The wildlife of Antarctica are extremophiles, having to adapt to the dryness, low temperatures, and high exposure common in Antarctica. The extreme weather of the interior contrasts to the relatively mild conditions on the Antarctic Peninsula and the sub anstarctic islands, which have warmer temperatures and more liquid water. Much of the ocean around the mainland is covered by sea ice. The oceans themselves are a more stable environment for life, both in the water column and on the seabed.
There is relatively little diversity in Antarctica compared to much of the rest of the world. Flying birds nest on the milder shores of the Peninsula and the subantarctic islands. Eight species of penguins inhabit Antarctica and its offshore islands. They share these areas with seven pinniped species. The Southern Ocean around Antarctica is home to 10 cetaceans, many of them migratory. There are very few terrestrial invertebrates on the mainland, although the species that do live there have high population densities. High densities of invertebrates also live in the ocean, with Antarctic krill forming dense and widespread swarms during the summer. Benthic animal communities also exist around the continent.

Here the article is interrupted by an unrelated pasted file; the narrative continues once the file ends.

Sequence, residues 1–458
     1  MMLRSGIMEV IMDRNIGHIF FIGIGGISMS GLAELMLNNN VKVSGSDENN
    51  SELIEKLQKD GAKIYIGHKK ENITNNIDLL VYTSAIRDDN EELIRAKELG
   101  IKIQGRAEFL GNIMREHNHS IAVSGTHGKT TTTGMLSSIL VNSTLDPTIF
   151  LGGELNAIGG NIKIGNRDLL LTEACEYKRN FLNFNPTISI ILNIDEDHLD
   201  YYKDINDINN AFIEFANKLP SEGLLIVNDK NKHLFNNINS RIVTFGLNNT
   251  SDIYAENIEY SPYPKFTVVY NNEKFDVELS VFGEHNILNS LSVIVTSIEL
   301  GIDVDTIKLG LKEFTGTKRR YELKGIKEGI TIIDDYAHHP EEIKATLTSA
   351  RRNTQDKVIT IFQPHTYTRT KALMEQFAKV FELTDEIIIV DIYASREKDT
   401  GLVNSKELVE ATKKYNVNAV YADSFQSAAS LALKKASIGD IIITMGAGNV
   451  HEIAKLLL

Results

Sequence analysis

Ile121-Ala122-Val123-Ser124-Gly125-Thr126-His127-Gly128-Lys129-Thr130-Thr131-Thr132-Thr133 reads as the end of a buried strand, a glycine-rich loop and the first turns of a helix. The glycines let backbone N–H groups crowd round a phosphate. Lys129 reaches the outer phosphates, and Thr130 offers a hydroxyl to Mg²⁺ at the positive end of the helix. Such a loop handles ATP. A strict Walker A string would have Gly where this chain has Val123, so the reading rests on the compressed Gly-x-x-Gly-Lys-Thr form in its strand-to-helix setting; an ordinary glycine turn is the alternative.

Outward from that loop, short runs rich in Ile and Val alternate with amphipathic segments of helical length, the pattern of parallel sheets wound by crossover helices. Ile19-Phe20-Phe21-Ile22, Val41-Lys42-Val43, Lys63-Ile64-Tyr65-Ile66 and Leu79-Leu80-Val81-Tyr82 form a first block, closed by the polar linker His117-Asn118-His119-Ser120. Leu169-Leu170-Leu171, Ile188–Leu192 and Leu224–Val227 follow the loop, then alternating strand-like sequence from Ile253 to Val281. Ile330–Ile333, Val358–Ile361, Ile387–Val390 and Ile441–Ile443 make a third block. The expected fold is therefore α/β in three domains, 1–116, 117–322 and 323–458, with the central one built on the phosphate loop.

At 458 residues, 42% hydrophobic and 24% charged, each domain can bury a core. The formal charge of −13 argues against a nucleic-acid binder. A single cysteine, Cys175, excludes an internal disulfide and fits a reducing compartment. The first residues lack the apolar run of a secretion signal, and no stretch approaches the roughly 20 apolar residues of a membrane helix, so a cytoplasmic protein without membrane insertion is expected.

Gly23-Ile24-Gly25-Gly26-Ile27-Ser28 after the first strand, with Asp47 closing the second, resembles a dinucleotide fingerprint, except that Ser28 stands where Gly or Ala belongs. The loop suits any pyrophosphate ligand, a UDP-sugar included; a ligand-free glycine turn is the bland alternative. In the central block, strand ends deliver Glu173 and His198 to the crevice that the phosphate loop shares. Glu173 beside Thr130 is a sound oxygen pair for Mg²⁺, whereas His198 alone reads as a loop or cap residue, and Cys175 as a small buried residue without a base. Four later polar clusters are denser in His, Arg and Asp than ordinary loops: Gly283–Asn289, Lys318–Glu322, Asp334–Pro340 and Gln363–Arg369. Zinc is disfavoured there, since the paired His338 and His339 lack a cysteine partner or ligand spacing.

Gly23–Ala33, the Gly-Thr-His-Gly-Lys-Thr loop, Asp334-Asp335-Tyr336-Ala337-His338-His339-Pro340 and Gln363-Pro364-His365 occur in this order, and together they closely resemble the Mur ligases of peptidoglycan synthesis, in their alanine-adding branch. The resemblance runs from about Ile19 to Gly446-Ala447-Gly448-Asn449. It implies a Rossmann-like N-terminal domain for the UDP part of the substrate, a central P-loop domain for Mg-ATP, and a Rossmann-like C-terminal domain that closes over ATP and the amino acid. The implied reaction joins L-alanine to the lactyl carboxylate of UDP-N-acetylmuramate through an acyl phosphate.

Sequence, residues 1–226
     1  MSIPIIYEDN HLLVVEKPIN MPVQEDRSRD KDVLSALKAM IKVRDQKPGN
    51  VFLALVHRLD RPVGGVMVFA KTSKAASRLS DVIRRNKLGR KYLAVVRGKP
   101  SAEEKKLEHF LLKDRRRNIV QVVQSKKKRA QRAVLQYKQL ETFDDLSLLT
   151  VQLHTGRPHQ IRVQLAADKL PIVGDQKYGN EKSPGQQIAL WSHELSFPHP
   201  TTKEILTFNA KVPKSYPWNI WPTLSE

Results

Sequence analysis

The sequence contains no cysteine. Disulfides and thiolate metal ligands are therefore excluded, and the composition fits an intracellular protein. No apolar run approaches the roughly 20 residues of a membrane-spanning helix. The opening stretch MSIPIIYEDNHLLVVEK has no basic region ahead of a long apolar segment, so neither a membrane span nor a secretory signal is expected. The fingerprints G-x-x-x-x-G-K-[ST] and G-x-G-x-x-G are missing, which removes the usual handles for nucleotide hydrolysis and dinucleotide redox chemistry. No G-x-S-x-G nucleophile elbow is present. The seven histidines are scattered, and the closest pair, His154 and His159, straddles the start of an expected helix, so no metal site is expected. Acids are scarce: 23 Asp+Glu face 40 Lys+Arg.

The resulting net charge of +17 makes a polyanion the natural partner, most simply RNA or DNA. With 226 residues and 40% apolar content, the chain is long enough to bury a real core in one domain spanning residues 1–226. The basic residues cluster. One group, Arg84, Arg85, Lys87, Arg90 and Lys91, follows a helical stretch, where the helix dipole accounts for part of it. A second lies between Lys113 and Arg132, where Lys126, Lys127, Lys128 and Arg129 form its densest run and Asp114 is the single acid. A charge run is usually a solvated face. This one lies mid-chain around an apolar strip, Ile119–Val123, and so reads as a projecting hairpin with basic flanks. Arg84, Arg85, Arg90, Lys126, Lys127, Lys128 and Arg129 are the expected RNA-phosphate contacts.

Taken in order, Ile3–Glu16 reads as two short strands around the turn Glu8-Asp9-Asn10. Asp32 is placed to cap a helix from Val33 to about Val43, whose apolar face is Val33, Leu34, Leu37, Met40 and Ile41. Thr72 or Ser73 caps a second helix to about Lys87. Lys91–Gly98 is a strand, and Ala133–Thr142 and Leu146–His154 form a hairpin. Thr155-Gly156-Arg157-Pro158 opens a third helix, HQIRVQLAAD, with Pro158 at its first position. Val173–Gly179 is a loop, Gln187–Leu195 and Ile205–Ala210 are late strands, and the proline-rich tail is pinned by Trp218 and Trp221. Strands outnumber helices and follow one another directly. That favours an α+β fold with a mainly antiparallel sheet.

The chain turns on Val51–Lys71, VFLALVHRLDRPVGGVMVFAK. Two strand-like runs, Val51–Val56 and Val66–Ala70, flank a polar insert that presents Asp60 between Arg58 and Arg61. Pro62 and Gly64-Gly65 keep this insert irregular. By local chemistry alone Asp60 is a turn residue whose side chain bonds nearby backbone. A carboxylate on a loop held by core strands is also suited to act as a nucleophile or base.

Over 1000 fungi species have been found on and around Antarctica. Larger species are restricted to the subantarctic islands, and the majority of species discovered have been terrestrial. Plants are similarly restricted mostly to the subantarctic islands, and the western edge of the Peninsula. Some mosses and lichens however can be found even in the dry interior. Many algae are found around Antarctica, especiallyphytoplankton, which form the basis of many of Antarctica’s food webs.
Human activity has caused introduced species to gain a foothold in the area, threatening the native wildlife. A history of overfishing and hunting has left many species with greatly reduced numbers. Pollution, habitat destruction, and climate change pose great risks to the environment. The Antarctic Treaty System is a global treaty designed to preserve Antarctica as a place of research, and measures from this system are used to regulate human activity in Antarctica.